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POLITICS AND FAITH

Alfredo Navarro Salanga

His political faith.
The years of struggle demanded of him by that faith.
The years in prison demanded from him by his detractors as a result of that struggle.

These are what form and frame the metaphors and the images that stud the poetry of Jose Maria Sison. In this wise is this poet essentially honest for when we sum it up, this is the triad that makes up his life.

I am tempted to refer to his being instead, but I am held back by a niggling doubt – as to whether or not his politics allows him a metaphysics. Those who do allow it in their lives, however, should not be faulted if they see vegetations of it in his poems. That may be why some of us tend to conjure his politics as a kind of faith, giving to it even, some kind of a religious dimension.

Heresy that may be to some, but how best describe the honesty of his humanity?

For a deep sense of humanity it is that informs each and every poem in this collection, a deep and personal and even (again heresy this) mystical humanity. Surprising that may be to some also, particularly those more familiar with his prose (militant, methodical and to others maniacal) and more so with the prose written about him (in the main damning and derogatory). A prose of extremes then is what we’ve had mainly of this man and on him – but that’s to be expected for controversy is, but certainly, almost of the essence of his and work.

But detract from the prose we may, for here Jose Maria Sison is a poet.

This isn’t saying, though, that he’s any different as a result or that what he has here is a different face. The full integration of life and work (and one must count here his creative work as well) remains.

Only the telling of it, or the saying of it, is different – for poetry is, most assuredly, different from prose.

And different not only in the manner of it but even, in a way, in the sense of it – for though one may quibble with the motivation and the underlying honesty of prose because direct and to the point, one may not do so with poetry.

Poetry assumes a different dimension in that it is another way of telling or speaking the truth. And while truth is pure and indivisible, the telling of it and the speaking of it comes differently with prose as it does with poetry.

Poetry is the crystallization of it and therefore hardly utilitarian.

Therefore we say: if Jose Maria Sison lives simply for his politics he could very well have been satisfied, he could very well have been content, to limit himself to prose.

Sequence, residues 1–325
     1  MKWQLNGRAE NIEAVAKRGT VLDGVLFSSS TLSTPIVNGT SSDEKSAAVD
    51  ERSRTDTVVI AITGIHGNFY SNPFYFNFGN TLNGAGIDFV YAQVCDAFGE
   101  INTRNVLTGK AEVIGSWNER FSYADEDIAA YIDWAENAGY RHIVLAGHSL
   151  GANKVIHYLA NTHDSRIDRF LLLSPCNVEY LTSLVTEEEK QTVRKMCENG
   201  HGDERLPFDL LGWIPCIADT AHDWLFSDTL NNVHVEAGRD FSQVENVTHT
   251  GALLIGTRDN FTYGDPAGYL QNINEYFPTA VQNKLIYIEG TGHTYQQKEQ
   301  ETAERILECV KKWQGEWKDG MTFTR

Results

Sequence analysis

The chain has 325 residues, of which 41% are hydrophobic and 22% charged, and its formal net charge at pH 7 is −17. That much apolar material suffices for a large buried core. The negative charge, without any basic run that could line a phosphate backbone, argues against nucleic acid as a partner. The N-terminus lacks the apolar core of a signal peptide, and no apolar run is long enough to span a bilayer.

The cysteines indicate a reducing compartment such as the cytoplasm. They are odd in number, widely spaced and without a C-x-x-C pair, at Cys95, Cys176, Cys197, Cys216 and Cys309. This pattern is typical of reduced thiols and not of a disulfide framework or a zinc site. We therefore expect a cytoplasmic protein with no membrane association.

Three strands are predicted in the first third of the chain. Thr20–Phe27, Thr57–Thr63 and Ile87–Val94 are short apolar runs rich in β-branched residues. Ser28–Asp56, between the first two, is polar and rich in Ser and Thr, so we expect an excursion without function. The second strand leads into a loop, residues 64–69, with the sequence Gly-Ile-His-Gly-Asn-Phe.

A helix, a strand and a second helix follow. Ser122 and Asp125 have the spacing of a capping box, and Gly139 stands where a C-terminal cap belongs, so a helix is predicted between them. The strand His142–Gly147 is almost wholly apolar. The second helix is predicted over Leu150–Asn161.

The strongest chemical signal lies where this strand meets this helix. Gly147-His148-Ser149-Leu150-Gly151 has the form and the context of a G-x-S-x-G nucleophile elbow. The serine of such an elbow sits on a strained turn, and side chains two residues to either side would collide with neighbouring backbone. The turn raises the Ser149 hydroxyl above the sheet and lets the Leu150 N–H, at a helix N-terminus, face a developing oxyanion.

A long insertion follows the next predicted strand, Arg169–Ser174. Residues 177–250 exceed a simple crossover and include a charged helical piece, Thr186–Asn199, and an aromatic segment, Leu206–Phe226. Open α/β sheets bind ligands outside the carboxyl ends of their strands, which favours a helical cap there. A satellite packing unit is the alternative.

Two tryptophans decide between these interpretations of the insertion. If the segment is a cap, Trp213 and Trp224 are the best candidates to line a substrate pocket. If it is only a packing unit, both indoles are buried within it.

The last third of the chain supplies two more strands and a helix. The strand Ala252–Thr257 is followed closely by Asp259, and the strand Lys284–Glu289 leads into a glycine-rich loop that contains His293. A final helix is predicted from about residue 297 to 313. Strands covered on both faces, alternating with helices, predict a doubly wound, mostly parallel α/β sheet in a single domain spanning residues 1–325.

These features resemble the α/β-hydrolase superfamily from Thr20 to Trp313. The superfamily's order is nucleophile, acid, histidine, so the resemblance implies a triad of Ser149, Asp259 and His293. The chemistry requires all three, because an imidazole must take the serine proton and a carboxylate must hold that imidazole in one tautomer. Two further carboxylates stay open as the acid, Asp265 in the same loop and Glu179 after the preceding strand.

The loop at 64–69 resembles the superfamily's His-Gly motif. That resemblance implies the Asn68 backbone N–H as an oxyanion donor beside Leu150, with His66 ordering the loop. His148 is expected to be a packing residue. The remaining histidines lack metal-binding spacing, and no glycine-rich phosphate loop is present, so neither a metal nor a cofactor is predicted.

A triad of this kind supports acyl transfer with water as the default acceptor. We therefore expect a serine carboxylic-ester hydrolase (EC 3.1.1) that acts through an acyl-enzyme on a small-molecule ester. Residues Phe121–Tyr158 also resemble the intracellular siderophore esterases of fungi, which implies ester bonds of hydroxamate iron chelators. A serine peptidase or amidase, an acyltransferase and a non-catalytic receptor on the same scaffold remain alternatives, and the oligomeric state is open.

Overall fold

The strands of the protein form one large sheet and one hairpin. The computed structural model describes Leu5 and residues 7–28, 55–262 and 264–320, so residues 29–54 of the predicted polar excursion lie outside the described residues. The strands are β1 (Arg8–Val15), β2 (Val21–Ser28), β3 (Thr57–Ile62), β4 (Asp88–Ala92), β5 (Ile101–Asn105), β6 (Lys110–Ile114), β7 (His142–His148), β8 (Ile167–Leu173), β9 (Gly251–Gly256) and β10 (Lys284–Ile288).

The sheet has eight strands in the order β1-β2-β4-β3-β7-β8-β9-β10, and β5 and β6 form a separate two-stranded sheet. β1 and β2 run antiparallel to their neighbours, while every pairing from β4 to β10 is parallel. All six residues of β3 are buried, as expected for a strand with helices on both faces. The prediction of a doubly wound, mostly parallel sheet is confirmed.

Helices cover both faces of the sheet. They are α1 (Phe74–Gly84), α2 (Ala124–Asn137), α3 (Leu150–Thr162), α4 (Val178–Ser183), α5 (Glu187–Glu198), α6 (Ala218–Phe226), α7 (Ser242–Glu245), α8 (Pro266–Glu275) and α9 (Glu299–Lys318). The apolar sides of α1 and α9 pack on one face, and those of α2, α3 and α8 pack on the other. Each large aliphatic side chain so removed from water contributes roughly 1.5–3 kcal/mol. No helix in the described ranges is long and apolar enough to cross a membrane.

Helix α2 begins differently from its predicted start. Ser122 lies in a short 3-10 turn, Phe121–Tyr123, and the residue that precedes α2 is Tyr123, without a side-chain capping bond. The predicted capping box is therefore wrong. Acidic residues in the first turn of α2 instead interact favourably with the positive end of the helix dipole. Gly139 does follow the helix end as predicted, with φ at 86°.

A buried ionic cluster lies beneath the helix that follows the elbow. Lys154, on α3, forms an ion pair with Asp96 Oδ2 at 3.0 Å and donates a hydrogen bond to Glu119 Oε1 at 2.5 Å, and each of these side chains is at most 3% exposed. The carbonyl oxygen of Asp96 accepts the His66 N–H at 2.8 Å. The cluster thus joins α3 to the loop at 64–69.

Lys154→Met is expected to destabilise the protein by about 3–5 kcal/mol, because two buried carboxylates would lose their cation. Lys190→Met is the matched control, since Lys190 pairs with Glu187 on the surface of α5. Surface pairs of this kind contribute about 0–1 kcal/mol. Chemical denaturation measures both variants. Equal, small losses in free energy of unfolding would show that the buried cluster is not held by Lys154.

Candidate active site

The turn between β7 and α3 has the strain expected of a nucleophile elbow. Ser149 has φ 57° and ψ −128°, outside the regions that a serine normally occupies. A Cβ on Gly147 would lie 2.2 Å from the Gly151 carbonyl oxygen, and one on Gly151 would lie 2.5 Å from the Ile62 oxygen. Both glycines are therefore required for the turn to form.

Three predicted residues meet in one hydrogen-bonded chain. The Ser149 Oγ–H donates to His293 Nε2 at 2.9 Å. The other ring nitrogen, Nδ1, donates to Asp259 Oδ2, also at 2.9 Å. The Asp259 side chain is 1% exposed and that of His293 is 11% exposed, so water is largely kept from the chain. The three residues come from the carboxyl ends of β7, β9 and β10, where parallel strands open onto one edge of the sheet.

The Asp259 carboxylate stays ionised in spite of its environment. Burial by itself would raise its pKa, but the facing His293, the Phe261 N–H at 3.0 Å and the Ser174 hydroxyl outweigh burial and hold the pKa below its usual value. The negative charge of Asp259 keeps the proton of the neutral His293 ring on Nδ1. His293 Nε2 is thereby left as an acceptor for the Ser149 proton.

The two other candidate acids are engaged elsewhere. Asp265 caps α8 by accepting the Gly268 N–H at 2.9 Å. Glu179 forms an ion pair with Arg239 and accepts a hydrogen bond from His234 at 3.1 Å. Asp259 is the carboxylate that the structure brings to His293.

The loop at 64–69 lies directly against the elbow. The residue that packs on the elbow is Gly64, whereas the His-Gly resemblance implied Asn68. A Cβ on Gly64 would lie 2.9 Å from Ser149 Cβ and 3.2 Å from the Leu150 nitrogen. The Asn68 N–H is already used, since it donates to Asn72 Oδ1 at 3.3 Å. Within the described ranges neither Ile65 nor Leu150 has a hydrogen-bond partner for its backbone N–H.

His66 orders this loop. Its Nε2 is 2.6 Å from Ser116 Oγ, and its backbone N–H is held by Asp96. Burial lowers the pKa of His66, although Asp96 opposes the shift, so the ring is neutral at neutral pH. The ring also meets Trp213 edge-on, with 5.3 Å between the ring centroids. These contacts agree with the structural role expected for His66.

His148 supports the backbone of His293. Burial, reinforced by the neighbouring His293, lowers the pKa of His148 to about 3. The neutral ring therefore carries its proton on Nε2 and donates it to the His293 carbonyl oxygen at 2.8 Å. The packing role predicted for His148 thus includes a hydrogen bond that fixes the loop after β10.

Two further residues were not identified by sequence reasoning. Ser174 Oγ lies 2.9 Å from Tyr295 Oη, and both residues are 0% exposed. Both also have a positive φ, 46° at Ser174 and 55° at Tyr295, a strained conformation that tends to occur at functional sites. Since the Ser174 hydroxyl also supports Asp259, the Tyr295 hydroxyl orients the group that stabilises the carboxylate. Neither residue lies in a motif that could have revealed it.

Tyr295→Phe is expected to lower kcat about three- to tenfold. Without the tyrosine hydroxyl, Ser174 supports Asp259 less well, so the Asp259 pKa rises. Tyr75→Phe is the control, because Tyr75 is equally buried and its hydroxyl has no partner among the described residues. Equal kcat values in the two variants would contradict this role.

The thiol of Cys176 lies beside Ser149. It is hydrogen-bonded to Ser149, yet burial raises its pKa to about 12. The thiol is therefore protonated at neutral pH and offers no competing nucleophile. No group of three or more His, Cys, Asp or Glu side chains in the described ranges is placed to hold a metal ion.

But there is an honesty to this man as I said and that is the honesty of his humanity as unveiled through these poems (we use veil here to underscore this aspect of him that has been shrouded over). Moreover, it is an honesty that should be acknowledged, whether willingly or grudgingly, precisely because it is human and acknowledgment of the human in others increases our own humanity.

Therefore, because human, there is love here as much as there is anger, for these are our most elemental (though hardly elementary) passions.

Again not elementary, they talk about friends and enemies – the metaphors of them and the images of them carrying in power and intensity, in reach and in grasp, as the nearness of them to the poet and the distance between them and the poet change. Still, whether close or whether distanced, they are never abstract.

This is so because all is real to the poet.

His wife is real:

In the old poem of our youth eighteen years ago
We walked hand in hand through the Diliman cogon.
We’ve gone a long way from then and there;
Not only cold nights have we braved but storms.

His children are real:

Across the blue waters
We smile to each other.
For us to embrace and kiss
We dispatch the waves.

His friends are as real as brothers:

Among green leaves my brother fell on soil.
On his forehead was his faith marked red
By a bullet above sight, reaching brain,
Bringing blood below to his mouth agape
Kissed at last by the bride of hunger fond of delay.

His enemies are real in their peculiarity:

Cast away he who talks of himself
Across the table
While men die in battlefields
For those who have long endured
In silence and who have found their voice
Deafeningly sure
While all along the coffeehouse charlatan
Loudly essays his opportune grace
In every period
Within his crammy precint.

Prison is real:

They call the prisoner an ant
They can fool and play with
No matter how tight the cell
It is an arena of struggle

The heroic prisoner is like a giant:
He draws his strength from the masses,
His spirit is like a bird looking down:
Oh, how small are all the monsters below!

And, too, his own freedom:

A spirit as active and free as mine
Can never be entombed in a cell.
I shall continue to rise
In defiance of the somnolent bell.

All, indeed, is real to the poet.
And all is real to this poet. As it should be.



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